Sony’s big exclusives really do run the gamut of cover quality. Horizon Zero Dawn is great, God of War is alright, Days Gone can get in the bin, and then you have this. “Close up of grumpy face”. I don’t know what else to say, really, it’s just another meaningless cover that ticks market research boxes but in an even less interesting way. I totally get it, The Last of Us Part II cover designer, your game is gritty and violent and harsh. It’s basically misery porn and I understand that some people like that, but I really don’t want “close up of grumpy face” on my gaming shelf. Take your blood-soaked, angry teenagers and ludonarrative dissonance elsewhere, please. Can I look at something else now? 

GOOD – Cisco Heat

Now, this is more like it! I used to pick up Commodore 64 magazines when I was younger, and I always loved seeing the cover art and advertisements for Cisco Heat in said periodicals. It embodies my childhood idea of what America was like; sun and skyscrapers and cool police chases. When I look at this image, I think of summer, I think of rolling my Micro Machines around my bedroom floor, I think of watching Police Academy on video. Look at that subtitle – “All American Police Car Race”. That’s the stuff that my young, Beverly Hills Cop-inspired dreams were made of. And yes, I do also like the photo of the cop leaning on the cop car arcade machine. Who wouldn’t like that? Criminals, that’s who. 

GOOD – Halo 3

You could say, if you were so inclined, that the Halo 3 cover represents everything that’s wrong with big budget game covers from its era and beyond. It’s just the main character kind of standing there with a gun, it’s got that whole orange and teal, generic movie poster thing going on, but none of that matters, this is a masterpiece. Every subtle nuance combines to form a piece of box art that’s so inspiring it should be made into a 100 foot stained glass window and installed into a magnificent cathedral so that the morning sun can shine through it, reminding us of the trials and sacrifices of our saviour, Master Chief. The light, the shadows, the perfectly-poised, pre-action pose. This cover isn’t just epic, it’s transcendent. It depicts the precise moment that the ultimate hero of mankind steps into the light, ready to save us all.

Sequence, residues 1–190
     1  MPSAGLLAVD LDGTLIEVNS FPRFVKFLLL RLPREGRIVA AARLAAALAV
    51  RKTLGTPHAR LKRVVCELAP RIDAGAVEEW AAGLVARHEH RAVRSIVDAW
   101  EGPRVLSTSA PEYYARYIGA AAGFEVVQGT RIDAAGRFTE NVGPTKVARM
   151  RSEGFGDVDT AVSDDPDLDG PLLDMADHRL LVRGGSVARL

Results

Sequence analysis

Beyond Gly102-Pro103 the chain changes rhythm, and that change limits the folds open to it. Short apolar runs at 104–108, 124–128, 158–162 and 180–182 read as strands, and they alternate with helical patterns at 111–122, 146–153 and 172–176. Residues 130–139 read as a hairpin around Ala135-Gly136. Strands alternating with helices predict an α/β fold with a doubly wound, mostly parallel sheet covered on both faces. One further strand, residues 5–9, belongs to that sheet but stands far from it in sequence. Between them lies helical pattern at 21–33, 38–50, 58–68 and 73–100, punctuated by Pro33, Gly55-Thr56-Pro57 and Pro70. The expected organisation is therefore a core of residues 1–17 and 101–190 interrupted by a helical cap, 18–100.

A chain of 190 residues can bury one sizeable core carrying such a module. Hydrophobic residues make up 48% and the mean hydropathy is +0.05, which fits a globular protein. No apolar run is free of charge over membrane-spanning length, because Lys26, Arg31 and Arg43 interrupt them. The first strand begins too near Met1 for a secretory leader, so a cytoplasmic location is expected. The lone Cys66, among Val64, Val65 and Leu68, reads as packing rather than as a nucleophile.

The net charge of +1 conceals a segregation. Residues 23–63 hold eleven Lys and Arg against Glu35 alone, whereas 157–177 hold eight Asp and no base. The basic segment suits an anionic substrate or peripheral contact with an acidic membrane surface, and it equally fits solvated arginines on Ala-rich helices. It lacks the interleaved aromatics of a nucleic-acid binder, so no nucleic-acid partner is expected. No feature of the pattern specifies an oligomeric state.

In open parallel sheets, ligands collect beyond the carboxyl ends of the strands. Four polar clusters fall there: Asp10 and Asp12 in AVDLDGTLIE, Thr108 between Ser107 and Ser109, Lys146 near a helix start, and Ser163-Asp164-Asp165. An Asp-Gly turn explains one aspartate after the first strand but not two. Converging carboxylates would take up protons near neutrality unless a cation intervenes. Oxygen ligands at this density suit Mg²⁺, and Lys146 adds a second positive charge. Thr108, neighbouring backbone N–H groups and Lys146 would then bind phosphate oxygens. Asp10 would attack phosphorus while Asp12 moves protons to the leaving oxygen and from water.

GOOD – Secret of Mana

Hiro Isono was an incredible artist. His illustrations of otherworldly groves and mystical glades capture the complexity and detail of nature as well as its mysterious, sweeping majesty. When the lads at SquareSoft hit him up for a bit of cover art back in the early ’90s, it was an inspired move. After all, the driving force behind the lore of Secret of Mana is a giant, magical tree, and Isono is giant, magical trees. The result is a beautiful, somehow eerie, contemplative piece of art that details an event later in the game in a way that doesn’t spoil the story. It has the three leads, it has the roots of an enormous tree, it has some cool birds, and it’s so much more affecting than a picture of the protagonist posing with a sword (or an extreme close up of their grumpy face). The PS4 remake has more room on the cover to feature more of the illustration, so I should probably have displayed that one, but the SNES box presses all my nostalgia buttons. It’s my favourite box art, and I can’t see it being uprooted any time soon.

Donald in Maui Mallard – Retro Review

A Duck Pretending to be a Duck Pretending to be Another Duck

This is the second and last review I wrote for Sega Mania Issue 8, and as such is written from a 90’s perspective. This one had a couple of boxouts as well, which I’ve presented as best I can with any knowledge as to how to do layout properly.

Donald’s back, put possibly not quite how you remember him. Eschewing his usual, fashionably questionable sailor outfit, he’s arrived for his next action-packed platformer in a much more agreeable Hawaiian shirt and cap ensemble. That’s right, this is Maui Mallard, Donald Duck’s medium-boiled, crime-fighting alter-ego. The identity swapping doesn’t stop there, either. Maui Mallard has an alter-ego of his own. Cold Shadow is a black-clad ninja, a master of bo staff combat, and a proponent of nimbly leaping up narrow shafts. This explains the confusing situation of the game’s alternative title, Maui Mallard in Cold Shadow. Really, if we’re being accurate here, the game should be called Donald Duck in Maui Mallard in Cold Shadow, but I guess they would have run out of space on the spine. Whichever way you look at it, you’re going three-deep in Donald Duck personalities during the ninja sections, which is an experience in itself regardless of how good the game actually is.